Many of us have a vision in mind of connecting the entire auto industry to the HBCU community, all 107 schools. This means going beyond a scholarship or two. Each automaker can adopt at least two to four schools. Let's make a significant commitment that will benefit both your community and the community that drives your cars for years to come.

Car designer Ed Weburn, who was the highest ranking Black executive in the industry prior to his retirement a few years ago, was a product of a HBCU. None of the White design schools he applied to accepted him. Thus, he turned to a HBCU. They developed a program just for Welburn and he made billions of dollars for GM, during his 44 years career. 

Under Welburn, he has mentored Andre Hudson, who went on to make a lot of money for Hyundai, its dealers and suppliers, through designing the head-turning 2011 Hyundai Sonata, which placed the company on the map in the U.S. And Welburn also mentored Crystal Windham, who currently oversees the interior designs of Cadillac. Windham is the highest ranking Black female in design. Supporting a HBCU is one means of connecting to a community that buys your cars, while also investing in their education. We also need to make commitments to today's urban school systems, too.

After reading this, if you're in a position to influence change in your company, its time to have a honest conversation with your CEO or senior leaders, especially the leaders who are quietly twiddling their thumbs on what they should do (or if you notice its business as usual), reach out. We have a strategic plan mapped out. If you're the CEO or a member of the senior leadership team, what are you waiting on?

If NBA great Michael Jordan, who has steered clear during most of his life from publicly making statements as it relates to race, can donate $100 million from his personal funds to organizations, fighting racism against people in his community, surely the automotive community can make a substantial investment, too. Lowe's has committed $25 million in grants to aid minority businesses as a result of COVID-19. Of course, each automaker can invest more towards my community than one man!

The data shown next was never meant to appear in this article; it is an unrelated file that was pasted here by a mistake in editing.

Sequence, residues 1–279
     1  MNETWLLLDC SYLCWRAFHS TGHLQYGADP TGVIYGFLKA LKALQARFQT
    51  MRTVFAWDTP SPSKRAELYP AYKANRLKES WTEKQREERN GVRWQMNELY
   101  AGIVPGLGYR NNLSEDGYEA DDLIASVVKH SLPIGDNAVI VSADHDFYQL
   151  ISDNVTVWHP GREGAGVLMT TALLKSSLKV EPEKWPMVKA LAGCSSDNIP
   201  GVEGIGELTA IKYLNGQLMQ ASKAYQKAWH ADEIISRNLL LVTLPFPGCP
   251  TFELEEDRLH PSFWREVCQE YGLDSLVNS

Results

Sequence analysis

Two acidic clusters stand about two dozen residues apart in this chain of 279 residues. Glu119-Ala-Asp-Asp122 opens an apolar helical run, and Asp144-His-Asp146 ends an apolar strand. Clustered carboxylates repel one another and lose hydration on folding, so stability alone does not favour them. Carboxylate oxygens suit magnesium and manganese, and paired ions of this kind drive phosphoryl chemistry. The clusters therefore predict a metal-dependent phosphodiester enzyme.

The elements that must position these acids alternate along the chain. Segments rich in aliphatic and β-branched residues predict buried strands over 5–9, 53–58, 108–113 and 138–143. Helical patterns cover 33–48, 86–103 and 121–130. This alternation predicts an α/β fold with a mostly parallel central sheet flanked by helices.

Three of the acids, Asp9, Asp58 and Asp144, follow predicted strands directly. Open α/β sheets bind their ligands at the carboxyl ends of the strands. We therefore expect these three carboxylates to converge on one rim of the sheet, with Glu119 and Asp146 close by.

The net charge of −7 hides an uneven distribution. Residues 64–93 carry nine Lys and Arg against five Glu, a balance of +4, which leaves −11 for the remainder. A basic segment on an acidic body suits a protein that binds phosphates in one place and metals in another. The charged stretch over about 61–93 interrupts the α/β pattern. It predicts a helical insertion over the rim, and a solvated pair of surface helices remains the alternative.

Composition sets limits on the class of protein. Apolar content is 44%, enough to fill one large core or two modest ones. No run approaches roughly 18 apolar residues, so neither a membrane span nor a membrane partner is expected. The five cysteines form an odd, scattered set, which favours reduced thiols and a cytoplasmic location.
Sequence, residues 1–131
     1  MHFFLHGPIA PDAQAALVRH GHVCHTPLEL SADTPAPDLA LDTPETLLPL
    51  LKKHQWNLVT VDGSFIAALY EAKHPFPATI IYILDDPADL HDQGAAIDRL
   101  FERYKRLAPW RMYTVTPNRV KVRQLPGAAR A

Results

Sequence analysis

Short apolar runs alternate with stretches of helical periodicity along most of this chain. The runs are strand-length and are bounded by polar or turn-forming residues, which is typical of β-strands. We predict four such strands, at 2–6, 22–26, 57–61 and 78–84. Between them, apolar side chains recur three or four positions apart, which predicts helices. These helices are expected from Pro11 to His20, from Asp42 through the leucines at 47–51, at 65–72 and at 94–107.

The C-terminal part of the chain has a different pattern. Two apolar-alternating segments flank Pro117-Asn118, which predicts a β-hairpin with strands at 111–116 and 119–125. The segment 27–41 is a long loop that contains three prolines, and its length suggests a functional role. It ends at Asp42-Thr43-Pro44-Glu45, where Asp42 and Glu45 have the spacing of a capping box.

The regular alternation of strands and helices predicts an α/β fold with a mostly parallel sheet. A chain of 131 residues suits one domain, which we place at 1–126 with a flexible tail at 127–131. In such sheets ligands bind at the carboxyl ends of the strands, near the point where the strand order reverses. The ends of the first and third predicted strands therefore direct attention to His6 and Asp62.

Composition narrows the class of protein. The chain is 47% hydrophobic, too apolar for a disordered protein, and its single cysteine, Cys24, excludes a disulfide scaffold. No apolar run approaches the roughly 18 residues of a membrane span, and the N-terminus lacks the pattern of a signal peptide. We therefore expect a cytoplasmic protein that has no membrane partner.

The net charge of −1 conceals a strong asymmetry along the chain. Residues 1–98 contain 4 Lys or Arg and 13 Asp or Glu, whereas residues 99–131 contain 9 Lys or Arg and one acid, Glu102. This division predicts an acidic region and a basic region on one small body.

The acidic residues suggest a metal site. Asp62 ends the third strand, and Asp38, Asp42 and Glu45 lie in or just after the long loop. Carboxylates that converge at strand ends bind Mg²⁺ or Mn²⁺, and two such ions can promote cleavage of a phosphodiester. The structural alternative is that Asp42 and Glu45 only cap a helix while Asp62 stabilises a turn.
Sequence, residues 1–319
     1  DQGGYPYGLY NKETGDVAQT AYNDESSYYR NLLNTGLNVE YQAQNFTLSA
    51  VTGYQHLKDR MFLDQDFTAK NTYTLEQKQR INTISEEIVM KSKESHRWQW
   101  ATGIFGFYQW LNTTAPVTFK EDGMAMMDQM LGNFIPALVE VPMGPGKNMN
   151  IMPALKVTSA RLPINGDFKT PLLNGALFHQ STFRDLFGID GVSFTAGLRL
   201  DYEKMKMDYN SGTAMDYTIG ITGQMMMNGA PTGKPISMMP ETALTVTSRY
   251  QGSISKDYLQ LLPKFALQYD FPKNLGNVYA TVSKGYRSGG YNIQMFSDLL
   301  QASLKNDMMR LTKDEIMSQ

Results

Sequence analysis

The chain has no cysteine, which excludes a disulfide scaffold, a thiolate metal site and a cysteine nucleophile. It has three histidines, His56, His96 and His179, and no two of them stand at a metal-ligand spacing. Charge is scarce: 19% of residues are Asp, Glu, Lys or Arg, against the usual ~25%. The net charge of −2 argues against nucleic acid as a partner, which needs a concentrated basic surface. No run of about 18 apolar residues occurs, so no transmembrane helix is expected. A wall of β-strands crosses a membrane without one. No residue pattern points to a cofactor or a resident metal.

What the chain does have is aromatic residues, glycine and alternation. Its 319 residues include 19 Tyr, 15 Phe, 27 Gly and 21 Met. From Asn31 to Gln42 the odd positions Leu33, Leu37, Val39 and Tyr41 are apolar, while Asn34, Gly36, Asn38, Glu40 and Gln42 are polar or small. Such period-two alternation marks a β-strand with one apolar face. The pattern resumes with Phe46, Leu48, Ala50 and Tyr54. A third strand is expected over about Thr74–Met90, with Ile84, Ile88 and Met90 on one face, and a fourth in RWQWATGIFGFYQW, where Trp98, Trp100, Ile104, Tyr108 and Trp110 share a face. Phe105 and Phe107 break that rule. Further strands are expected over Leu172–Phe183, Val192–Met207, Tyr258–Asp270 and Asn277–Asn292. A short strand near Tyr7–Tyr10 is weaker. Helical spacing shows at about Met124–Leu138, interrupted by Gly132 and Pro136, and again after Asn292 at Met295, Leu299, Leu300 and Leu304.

In closing, years ago, Toyota stepped up, making a commitment to the Black community after a derogatory ad about men, who looked like me, was created by one of their general market agencies. Since that time, the automaker has put their money where their mouth is. Yes, Toyota still has much more work they can do. 

Who else is going to step up to the plate? This time the world is not going to wait until the industry converts to electrification. This younger generation is not going to allow us to place them on the back burner. All of these priorities can be done in unison, from working with the Black media to making a substantial  investment with our educational community. The auto industry has been known to be leaders with the ability to manage a number of priorities. Let's show my community you're all in.


Your Automotive Partner,

Jeff Fortson
Radio Host/A Student Of The Auto Industry